Able to match the talents of his better-known brothers in his atmospheric watercolours, Gordon Fraser also developed an independent career as a humorous illustrator – a career cut short by a fatal accident.
George Gordon Fraser was born in Cramond, Edinburgh, on 11 April 1859. The family moved to Bedford in 1861 and, eleven years later, he began to attend the local grammar school. While there, he studied art under Bradford Rudge. During his youth, he enrolled his younger brother, Anderson, and a group of mainly Scottish school friends into a band of like-minded youths called the Cudgel Community, and recorded their exploits in neatly written and illustrated books.
At the age of 18, in 1877, Gordon Fraser began to establish himself as an artist with a single watercolour at ‘The Annual Exhibition of Modern Painters’ at the Walker Gallery, Liverpool. Four years later, he published his first illustrations – those to Wilfred Meynell’s article, ‘Little-Known Sketching Grounds’ – in The Art Journal.
Between 1884 and 1893, he exhibited eight watercolours at the Royal Academy. In 1886, E E Leggatt became his agent.
On 9 September 1884, Fraser married Catherine Home Ramsay Ross of Larne, at Larne, Antrim, Ireland. Remaining in Ireland for an extended honeymoon, he would make the country a significant subject of his watercolours and illustrations. On returning to England, he and his wife settled in London, at 27 Ingersoll Road, Shepherds Bush. In 1886, she would give birth to the first of their four children. The growing family led to moves, first to Hemingford Abbots, Huntingdonshire, in 1887, and then, in 1889, to nearby Houghton.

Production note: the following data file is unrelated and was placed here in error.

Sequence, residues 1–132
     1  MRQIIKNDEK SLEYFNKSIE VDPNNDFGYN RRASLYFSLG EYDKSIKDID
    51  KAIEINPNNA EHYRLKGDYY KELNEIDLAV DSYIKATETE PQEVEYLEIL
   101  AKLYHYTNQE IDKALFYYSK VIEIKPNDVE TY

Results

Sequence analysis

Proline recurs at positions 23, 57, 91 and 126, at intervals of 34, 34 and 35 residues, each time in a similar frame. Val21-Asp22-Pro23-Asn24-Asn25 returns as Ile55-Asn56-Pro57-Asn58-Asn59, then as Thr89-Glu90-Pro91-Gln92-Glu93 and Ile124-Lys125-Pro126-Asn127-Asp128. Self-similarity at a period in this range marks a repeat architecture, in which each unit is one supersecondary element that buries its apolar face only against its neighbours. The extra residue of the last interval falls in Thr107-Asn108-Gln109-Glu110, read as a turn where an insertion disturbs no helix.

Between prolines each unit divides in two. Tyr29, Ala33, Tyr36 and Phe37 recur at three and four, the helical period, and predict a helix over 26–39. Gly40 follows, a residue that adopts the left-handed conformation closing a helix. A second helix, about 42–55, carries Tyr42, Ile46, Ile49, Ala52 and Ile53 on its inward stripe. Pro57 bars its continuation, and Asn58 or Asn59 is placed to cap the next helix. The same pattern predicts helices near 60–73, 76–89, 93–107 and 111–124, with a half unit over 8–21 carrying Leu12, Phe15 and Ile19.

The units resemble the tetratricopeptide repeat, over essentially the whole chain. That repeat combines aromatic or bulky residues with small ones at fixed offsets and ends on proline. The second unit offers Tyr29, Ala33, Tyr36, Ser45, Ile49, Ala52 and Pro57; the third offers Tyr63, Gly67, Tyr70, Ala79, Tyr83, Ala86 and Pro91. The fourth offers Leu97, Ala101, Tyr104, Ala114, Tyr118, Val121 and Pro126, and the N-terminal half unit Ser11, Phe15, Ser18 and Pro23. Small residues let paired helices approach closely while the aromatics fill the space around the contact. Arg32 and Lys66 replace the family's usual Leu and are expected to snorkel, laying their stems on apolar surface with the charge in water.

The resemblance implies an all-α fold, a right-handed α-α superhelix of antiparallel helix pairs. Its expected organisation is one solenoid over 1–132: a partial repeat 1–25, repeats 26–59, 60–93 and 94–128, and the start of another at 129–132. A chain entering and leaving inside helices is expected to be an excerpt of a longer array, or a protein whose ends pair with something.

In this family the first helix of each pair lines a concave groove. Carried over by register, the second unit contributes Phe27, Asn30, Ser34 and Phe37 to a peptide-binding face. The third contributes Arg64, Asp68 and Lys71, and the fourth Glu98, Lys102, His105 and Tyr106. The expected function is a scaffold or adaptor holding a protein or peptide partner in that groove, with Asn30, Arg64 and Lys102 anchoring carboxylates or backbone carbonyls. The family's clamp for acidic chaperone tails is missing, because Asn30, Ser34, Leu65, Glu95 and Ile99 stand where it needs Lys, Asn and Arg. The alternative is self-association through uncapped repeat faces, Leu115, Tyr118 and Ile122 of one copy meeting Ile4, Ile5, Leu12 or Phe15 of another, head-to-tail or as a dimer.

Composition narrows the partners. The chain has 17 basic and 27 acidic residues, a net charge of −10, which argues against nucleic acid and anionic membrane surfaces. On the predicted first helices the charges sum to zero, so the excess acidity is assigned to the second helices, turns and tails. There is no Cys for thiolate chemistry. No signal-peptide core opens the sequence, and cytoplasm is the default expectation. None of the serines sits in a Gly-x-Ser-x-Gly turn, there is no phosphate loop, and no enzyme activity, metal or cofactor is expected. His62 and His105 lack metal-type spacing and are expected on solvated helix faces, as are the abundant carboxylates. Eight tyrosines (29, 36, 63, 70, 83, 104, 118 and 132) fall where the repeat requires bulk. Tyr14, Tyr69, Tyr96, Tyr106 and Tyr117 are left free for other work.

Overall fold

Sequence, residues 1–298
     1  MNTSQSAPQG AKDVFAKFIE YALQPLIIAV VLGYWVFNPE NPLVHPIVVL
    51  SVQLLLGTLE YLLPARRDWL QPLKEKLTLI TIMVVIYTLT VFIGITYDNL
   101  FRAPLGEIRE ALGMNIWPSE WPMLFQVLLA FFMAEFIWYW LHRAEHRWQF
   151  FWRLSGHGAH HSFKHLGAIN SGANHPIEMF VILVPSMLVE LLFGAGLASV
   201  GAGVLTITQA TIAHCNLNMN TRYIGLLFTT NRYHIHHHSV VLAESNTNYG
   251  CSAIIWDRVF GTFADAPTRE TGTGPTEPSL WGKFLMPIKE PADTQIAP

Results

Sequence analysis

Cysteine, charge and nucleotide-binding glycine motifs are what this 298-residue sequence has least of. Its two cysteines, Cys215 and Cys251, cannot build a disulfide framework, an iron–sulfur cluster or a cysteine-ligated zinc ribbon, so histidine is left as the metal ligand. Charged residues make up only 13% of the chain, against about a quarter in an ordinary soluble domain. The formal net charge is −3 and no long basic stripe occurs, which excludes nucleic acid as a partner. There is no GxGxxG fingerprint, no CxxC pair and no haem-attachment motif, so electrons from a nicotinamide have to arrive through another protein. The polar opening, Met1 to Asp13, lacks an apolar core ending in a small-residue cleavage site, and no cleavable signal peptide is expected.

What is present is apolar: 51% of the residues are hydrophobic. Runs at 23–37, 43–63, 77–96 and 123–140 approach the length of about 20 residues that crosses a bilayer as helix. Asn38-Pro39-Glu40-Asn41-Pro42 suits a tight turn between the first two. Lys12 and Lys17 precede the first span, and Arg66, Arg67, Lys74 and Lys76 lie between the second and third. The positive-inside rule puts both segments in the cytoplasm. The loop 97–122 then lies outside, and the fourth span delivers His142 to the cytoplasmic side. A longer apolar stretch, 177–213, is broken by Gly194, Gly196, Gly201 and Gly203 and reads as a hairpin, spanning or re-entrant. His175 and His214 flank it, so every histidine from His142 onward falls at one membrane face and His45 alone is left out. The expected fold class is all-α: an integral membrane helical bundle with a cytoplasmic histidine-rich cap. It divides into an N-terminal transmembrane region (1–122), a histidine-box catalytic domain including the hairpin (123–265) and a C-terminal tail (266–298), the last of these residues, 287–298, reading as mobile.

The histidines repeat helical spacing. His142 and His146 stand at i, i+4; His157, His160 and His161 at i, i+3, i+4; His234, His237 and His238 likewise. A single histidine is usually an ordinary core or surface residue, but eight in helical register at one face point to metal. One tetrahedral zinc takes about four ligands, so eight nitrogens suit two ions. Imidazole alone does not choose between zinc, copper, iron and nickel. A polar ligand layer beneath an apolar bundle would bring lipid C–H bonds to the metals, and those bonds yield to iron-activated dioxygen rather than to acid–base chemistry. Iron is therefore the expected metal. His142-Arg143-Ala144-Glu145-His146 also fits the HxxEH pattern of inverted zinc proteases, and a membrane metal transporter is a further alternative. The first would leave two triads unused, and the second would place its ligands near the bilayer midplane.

Through an introduction from his brother, the illustrator, Frank, Gordon Fraser contributed a large number of full-page strip cartoons to Fun, from January 1889 until his death. In the June of that year, three of those drawings were exhibited by the Dalziel Brothers at an ‘Exhibition of Works of English Humourists in Art’ at the Royal Institute of Painters in Water Colours. His other work for magazines included contributions to Ally Sloper’s Half-Holiday and Larks!, while his book illustrations comprise those to Jerome K Jerome’s The Diary of a Pilgrimage (1891) and his own booklets, O’Brien’s Breeches (1892) and The Moonlighters (undated).
While skating, on 15 February 1895, Fraser drowned beneath the ice near Hemingford Abbots. However, his body was not recovered until 6 April. He was buried beside his father in the churchyard at Hemingford Grey. A collection of his cartoons, entitled Humorous Pictures, was published posthumously in 1896.